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Laid Off Dev Accuses Codemasters Of "Unlawful" Conditions

| 14 Jan 2012 02:30
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A programmer from Codemasters' recently-closed development studio is accusing the company of some pretty shady dealings, including unpaid overtime and legal bullying.

Codemasters' summer shooter, Bodycount, didn't really have much going for it other than some snazzy cover art. Reviews tended to be middling - at best - and sales were so lackluster that the publisher wound up shutting down its Guildford studio and laying off roughly 70 employees. Now, a former employee at the studio has claimed Codemasters of some pretty serious charges, including unpaid overtime and threatening those let go with bankruptcy proceedings if they didn't return money they were "mistakenly" paid.

Semi Essessi was a programmer who worked on Bodycount and has now become a whistle-blower thanks to a blog post what about what was supposedly going on while he was at Codemasters. While employed by the company, Essessi claims he was never paid for working over 400 hours of overtime. Additionally, he claims he wasn't the only person who picked up crazy amounts overtime.

He also claims that Codemasters tasked him with work that "exceeded my job description significantly." Meanwhile, he says he was repeatedly turned down for a pay raise and/or a promotion when he spoke to management.

Now, when the studio's closure was announced, he contacted the human resources department over the unpaid overtime. The email response he received said that he wasn't owed any:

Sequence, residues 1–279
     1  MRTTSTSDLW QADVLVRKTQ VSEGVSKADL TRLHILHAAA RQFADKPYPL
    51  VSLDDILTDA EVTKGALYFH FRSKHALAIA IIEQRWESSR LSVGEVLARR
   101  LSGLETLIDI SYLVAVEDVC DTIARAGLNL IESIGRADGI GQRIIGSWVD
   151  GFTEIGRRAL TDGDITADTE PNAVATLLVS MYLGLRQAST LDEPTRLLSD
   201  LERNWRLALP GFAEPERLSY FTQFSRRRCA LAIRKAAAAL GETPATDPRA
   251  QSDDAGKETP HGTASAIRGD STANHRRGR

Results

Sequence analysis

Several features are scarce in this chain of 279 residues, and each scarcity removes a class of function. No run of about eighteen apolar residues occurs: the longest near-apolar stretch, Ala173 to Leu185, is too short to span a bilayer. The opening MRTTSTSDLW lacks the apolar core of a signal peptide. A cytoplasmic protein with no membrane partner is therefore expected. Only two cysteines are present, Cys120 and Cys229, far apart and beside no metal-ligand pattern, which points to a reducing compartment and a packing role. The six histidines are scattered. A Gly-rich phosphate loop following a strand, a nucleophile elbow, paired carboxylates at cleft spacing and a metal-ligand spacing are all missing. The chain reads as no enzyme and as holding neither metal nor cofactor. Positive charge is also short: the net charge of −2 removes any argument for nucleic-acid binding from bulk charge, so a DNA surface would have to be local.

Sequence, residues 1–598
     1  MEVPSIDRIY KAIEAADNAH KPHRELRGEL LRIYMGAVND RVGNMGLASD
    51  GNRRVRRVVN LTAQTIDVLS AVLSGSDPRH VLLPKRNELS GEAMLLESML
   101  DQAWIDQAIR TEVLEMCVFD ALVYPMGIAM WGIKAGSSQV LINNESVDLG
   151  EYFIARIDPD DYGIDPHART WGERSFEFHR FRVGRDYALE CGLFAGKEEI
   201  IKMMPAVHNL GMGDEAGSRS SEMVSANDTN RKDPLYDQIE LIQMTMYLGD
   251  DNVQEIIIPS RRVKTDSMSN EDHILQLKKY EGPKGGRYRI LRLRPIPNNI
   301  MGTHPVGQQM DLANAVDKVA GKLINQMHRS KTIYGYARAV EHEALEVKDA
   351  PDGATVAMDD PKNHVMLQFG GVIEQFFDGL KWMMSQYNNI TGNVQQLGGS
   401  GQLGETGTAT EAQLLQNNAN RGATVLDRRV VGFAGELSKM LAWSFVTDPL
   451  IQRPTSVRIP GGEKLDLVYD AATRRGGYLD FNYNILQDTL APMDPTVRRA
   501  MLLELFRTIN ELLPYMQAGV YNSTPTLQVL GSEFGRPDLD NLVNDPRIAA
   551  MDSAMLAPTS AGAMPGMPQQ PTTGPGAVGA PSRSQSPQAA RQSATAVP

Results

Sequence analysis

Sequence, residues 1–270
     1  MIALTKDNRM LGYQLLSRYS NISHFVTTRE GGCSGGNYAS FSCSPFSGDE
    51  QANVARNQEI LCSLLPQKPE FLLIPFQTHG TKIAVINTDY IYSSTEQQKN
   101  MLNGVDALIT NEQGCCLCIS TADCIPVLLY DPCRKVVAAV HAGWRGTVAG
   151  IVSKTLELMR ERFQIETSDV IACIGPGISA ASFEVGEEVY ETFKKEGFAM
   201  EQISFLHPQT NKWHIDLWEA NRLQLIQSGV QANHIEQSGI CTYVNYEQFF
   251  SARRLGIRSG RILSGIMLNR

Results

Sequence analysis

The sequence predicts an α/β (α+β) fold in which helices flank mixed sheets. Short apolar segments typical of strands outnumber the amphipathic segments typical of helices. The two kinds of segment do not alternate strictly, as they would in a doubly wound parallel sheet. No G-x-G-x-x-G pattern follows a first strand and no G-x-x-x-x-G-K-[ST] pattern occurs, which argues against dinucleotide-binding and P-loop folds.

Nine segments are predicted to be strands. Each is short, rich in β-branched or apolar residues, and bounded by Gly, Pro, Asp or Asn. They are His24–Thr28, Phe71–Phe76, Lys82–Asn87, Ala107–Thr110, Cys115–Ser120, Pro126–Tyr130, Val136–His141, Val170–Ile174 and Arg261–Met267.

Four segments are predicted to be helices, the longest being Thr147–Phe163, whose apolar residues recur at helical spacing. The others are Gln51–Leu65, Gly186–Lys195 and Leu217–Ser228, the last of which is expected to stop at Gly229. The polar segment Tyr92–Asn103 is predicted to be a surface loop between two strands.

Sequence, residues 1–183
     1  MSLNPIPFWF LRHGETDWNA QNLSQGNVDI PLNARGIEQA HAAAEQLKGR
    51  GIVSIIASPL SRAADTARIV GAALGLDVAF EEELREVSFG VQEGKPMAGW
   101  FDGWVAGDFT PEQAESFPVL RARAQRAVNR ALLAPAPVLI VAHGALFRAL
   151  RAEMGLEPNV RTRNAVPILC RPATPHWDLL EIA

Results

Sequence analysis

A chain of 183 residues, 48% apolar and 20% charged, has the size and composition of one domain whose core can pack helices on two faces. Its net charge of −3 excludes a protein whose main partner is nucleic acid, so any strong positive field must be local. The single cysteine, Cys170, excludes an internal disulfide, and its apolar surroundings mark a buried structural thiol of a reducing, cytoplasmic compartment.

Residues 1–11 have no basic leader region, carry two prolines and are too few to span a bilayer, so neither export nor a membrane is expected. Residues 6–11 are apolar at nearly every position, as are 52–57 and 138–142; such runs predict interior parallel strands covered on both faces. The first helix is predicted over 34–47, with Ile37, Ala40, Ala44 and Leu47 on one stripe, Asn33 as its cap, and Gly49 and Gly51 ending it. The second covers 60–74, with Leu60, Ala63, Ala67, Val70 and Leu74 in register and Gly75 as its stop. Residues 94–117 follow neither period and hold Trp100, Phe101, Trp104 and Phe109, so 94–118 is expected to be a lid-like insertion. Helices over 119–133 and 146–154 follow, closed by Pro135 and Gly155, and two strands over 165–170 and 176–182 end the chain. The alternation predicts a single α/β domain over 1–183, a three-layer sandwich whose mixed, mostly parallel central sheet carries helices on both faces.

We have undertaken a thorough review of your grievance regarding the non payment for the extra hours that you claimed you have worked. We appreciate it that there was a focus across the whole studio to work extra hours, to get the game completed to the final deadline, however it was made clear and communicated upfront to everyone, that those who did work, no TOIL or overtime pay would be made for those extra hours. Therefore, you knowingly, worked the hours in the knowledge that you would not be compensated for them, in TOIL or payment. Furthermore, from our investigations you never challenged this or raised any queries at the time of working the extra hours.

Subsequent emails from Essessi to the HR department noted that Codemasters was breaking the law because the company wasn't allowing workers to get eleven hours of rest a day nor the obligatory twenty four hour break every week. He also claimed he'd never received a monthly pay slip "on or before" paydays (which is apparently another legal breach).

When the studio actually closed down, Essessi claims that he and several other colleagues received a "substantial" amount of money with their final paychecks. Accordingly, "after lots of pub discussion the overriding opinion was that they had seen sense and had decided to pay us all a bit extra to keep us quiet about just how illegally the studio had been running."

A month later, though, Essessi received both a phone call and an email that he'd been "mistakenly" paid an extra month's worth of salary. As a result, he was now required to repay the company within five days on December 20th. Essessi had already spent the money, paying off some of the debt he'd accrued between moving to Guildford, transitioning between jobs, and finding a new place to live.

Essessi wasn't able to raise the cash, and Codemasters gave him a new deadline: January 3rd. Again, he wasn't able to meet it, so now he has until January 20th to repay the company or he'll be facing bankruptcy proceedings.

The allegations in Essessi's blog are partially backed up by screenshots of emails, but so far there isn't any hard evidence supporting his claims.

Codemasters, meanwhile, has contacted Eurogamer, claiming that it's still in an open dialogue with Essessi, has yet to begin legal proceedings against the developer, but has ominously noted "the company's advisers are now aware of the additional comments that Semi has published and these will be addressed with him directly through the appropriate channels as necessary."

Source: Semi Essessi via Eurogamer

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